Listening to GOAT's new epic album Requiem one gets the feeling of coming across some strange, acid-drenched dance party in the Shire. Big-footed hobbits drinking goblets of homemade rastleberry wine as they succumb to the psilocybin-fueled hallucinations as the sounds of GOAT echo through Middle Earth.
Listening to GOAT’s new epic album Requiem one gets the feeling of coming across some strange, acid-drenched dance party in the Shire. Big-footed hobbits drinking goblets of homemade rastleberry wine as they succumb to the psilocybin-fueled hallucinations as the sounds of GOAT echo through Middle Earth. Requiem could also pass for the soundtrack to a new Wes Anderson movie at times; playful and giddy enough to coat an Anderson scene with just enough punch and chutzpah as to give the oddball protagonist some serious cool(think the bee scene in Rushmore scored by “A Quick One, While He’s Away”.) GOAT have already established themselves as expert purveyors of psych/folk rock on their first two records. But here they’ve doubled down by giving us a double album teeming with the pastoral and the acid-burnt; pop confections and spectral psych. These masked Swedish psych freaks have laid out the map to enlightenment here. We best be getting on our way.
GOAT have never shied away from getting lost in the groove on their previous efforts, 2012s World Music and 2014s Commune. Requiem proves to be no different, and that’s a very good thing. The heavy acoustic mix here grounds these songs firmly into an organic world. No space explorations or intergalactic mind melting here. All the otherworldly music is retained in nature; the wet earth, loping trees, and dew-covered valleys come to mind on tracks like “Union of Sun and Moon” “I Sing In Silence” and “Temple Rhythms”; while “Alarms” gets a little noisy with some Hendrix-style guitar freakouts. “Trouble in the Streets” is exuberantly fun and dance-y. It’s like Bjork singing along to Rusted Root in her car on the way to pick up her kids. Thing is, the same person that would stick their nose up to GOAT would also be the same person sitting in front of their computer drunk at 11:30 pm on a Saturday night playing Rusted Root’s “Send Me On My Way” on Youtube and singing along off key(just an observation.) Anyways, back to the album.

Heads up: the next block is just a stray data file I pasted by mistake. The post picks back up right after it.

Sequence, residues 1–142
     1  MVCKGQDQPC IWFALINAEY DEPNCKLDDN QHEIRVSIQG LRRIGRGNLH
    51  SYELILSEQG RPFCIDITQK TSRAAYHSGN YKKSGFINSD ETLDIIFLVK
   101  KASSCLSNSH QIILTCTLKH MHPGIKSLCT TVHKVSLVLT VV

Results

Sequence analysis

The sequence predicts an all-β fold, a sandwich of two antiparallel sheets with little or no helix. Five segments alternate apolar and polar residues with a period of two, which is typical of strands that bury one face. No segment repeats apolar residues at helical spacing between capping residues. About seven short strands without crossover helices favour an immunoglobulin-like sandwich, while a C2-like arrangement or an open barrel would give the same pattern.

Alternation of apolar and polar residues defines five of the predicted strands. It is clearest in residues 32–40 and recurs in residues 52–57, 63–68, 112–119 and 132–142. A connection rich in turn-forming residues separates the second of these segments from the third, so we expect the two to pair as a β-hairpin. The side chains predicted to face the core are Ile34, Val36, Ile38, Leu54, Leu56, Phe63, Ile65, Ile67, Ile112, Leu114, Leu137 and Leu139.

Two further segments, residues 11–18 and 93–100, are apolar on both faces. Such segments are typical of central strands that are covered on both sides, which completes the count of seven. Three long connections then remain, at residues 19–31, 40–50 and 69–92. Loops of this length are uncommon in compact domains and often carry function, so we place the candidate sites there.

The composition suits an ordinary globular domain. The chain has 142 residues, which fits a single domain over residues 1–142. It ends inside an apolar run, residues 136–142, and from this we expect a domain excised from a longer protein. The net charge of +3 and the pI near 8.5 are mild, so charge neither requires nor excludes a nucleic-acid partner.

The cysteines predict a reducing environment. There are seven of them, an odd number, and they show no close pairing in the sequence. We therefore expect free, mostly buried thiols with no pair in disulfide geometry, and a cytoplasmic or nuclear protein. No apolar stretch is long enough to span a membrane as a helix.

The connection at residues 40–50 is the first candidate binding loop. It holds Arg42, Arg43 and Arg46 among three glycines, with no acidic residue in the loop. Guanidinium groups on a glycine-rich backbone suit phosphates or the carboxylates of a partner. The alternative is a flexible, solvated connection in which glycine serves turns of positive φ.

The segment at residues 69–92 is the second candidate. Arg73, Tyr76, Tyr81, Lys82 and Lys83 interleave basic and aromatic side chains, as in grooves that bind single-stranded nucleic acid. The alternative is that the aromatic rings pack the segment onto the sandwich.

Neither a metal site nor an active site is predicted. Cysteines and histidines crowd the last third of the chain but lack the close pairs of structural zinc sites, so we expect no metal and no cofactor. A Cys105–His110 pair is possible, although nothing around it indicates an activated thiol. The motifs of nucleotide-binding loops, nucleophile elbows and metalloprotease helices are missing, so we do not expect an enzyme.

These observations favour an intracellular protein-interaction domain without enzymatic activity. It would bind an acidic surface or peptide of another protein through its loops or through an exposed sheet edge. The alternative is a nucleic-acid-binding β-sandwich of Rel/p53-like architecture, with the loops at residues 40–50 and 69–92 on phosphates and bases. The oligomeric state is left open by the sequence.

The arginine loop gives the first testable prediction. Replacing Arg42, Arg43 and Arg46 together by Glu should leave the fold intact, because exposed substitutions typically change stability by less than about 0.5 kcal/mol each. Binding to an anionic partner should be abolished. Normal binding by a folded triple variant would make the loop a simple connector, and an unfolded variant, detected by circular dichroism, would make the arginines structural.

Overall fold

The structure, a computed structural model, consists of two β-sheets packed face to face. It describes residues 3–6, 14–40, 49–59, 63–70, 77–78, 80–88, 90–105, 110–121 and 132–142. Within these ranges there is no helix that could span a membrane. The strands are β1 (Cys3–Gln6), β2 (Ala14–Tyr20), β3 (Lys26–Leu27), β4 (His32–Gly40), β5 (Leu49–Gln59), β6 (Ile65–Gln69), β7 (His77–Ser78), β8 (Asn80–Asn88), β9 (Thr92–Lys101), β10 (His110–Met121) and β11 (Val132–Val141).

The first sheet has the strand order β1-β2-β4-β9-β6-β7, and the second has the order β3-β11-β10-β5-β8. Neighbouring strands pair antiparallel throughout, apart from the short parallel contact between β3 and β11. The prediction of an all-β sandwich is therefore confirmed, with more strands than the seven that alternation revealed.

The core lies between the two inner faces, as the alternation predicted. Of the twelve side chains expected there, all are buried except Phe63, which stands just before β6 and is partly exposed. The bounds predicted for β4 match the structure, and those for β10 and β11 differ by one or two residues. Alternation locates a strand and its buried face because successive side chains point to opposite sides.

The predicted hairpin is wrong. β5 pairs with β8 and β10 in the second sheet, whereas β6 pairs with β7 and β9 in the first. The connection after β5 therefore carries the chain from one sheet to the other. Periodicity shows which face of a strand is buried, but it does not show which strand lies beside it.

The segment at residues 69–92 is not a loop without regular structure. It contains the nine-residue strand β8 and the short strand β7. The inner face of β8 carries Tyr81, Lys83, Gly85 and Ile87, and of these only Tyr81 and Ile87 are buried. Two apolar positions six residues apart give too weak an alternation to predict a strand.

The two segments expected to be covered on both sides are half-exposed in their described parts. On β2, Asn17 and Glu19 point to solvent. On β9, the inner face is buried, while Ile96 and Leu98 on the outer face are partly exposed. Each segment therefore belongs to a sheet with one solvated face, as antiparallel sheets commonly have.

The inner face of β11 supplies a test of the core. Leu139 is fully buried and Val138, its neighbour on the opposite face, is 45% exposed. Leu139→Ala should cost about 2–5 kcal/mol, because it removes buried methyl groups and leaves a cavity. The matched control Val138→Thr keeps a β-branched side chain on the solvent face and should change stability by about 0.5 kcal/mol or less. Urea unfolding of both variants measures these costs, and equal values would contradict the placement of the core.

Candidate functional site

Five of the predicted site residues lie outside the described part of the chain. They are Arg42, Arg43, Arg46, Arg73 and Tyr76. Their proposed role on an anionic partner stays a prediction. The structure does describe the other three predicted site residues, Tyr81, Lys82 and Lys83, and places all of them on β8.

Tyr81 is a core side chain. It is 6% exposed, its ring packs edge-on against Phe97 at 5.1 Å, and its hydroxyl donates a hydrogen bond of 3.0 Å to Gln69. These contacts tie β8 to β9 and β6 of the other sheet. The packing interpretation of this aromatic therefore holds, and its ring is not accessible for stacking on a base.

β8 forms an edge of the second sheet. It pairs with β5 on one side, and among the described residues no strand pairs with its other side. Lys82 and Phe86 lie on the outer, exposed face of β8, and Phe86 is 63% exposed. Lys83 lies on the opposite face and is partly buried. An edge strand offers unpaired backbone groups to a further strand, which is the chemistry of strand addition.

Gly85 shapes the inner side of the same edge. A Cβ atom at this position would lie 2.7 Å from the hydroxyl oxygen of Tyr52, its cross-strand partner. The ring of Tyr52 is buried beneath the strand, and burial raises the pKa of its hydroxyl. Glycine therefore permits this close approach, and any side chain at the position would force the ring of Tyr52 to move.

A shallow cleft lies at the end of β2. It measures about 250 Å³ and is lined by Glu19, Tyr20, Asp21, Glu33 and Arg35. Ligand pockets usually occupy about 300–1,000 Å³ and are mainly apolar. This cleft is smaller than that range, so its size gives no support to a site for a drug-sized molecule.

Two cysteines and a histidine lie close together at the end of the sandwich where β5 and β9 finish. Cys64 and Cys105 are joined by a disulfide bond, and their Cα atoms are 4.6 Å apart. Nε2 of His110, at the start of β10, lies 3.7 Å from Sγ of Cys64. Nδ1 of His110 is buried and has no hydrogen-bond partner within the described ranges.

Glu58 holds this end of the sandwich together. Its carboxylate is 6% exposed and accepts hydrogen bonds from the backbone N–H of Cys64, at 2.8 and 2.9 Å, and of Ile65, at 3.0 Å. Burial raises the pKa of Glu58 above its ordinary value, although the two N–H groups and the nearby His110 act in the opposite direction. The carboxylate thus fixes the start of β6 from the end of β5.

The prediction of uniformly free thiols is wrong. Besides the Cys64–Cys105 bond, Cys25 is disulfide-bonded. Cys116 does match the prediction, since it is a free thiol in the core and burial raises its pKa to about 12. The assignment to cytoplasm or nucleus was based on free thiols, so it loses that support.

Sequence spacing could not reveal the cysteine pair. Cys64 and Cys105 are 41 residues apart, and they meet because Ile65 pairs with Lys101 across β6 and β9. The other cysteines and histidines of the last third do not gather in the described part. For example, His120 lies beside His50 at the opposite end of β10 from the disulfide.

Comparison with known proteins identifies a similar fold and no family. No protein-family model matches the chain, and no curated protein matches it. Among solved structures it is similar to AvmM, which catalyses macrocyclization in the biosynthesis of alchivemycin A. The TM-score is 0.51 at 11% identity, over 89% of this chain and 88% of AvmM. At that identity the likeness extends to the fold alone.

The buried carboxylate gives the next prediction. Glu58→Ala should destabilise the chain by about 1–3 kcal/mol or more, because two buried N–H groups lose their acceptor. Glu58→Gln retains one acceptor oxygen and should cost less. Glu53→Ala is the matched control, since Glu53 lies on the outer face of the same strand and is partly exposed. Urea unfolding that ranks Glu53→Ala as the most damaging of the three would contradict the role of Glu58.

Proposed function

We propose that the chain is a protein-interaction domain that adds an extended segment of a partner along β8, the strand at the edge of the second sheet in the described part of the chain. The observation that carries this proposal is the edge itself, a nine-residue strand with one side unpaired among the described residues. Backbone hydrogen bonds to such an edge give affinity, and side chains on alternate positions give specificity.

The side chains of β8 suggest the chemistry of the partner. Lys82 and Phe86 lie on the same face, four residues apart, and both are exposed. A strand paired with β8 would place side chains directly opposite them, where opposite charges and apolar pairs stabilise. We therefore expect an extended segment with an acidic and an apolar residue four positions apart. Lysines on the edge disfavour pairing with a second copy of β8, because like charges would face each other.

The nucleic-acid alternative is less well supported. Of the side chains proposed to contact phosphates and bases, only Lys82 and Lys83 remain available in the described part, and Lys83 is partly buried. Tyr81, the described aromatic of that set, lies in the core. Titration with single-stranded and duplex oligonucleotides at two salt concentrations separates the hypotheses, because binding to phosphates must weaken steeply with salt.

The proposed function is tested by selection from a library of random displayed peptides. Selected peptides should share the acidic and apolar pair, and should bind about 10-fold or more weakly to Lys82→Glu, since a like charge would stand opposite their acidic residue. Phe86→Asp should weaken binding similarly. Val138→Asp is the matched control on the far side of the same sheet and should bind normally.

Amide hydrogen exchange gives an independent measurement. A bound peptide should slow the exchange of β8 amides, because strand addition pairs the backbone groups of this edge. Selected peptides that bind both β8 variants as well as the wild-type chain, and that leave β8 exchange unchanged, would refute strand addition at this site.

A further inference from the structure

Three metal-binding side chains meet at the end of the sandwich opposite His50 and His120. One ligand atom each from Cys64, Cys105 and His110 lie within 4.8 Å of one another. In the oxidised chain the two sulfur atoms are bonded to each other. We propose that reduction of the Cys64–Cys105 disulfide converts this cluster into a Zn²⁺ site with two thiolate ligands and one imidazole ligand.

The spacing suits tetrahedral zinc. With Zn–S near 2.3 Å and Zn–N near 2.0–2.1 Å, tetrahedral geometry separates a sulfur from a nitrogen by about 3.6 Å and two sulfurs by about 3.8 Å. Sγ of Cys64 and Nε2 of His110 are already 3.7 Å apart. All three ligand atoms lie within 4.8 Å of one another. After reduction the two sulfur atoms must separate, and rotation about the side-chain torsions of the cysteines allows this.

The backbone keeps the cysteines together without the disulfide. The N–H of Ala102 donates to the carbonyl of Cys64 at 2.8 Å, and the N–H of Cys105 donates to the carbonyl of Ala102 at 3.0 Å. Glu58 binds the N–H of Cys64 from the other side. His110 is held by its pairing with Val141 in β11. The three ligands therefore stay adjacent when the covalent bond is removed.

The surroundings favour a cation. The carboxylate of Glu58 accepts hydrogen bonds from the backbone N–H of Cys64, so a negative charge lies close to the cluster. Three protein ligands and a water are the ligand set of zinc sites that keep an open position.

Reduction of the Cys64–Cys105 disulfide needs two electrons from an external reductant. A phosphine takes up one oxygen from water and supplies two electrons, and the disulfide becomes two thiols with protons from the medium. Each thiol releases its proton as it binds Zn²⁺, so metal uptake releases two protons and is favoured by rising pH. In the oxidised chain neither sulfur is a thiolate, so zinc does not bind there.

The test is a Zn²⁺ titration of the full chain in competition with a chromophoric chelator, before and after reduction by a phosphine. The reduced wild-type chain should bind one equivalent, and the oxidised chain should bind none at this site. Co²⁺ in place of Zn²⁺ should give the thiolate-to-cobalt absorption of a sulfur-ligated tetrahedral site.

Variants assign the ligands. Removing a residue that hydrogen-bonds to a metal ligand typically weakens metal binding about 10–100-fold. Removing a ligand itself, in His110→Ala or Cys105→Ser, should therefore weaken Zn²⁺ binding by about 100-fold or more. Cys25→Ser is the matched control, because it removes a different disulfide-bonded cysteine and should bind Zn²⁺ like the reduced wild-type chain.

I think the most important thing to point out here is how groove and rhythm-heavy this album is. “Goatband”, is nearly 8 minutes of serious heavy groove. It sounds like the E-Street band on some serious Afro-Cuban kick. “Try My Robe” is almost funky. Heavy bass, fuzzy guitar, with an eastern flair gives this track it’s own little groovy world. “Goatfuzz” is just a massive jam. A glorious, heavy jam. “Goodbye” would seem to be a perfect note to end the album on as it feels like a proper, awe-inspiring sunset on this perfect day of an album, but “Ubuntu” is the actual album closer and it feels like waking from a dream.
GOAT has spun a massive web of musical vibes on Requiem. It’s over an hour of mystical vibes and psychedelic colors and shapes. These masked musical marauders continue to enlighten and hypnotize with their earthy brand of jangly, earthbound psych and I don’t see that changing any time soon.
7. 8 out of 10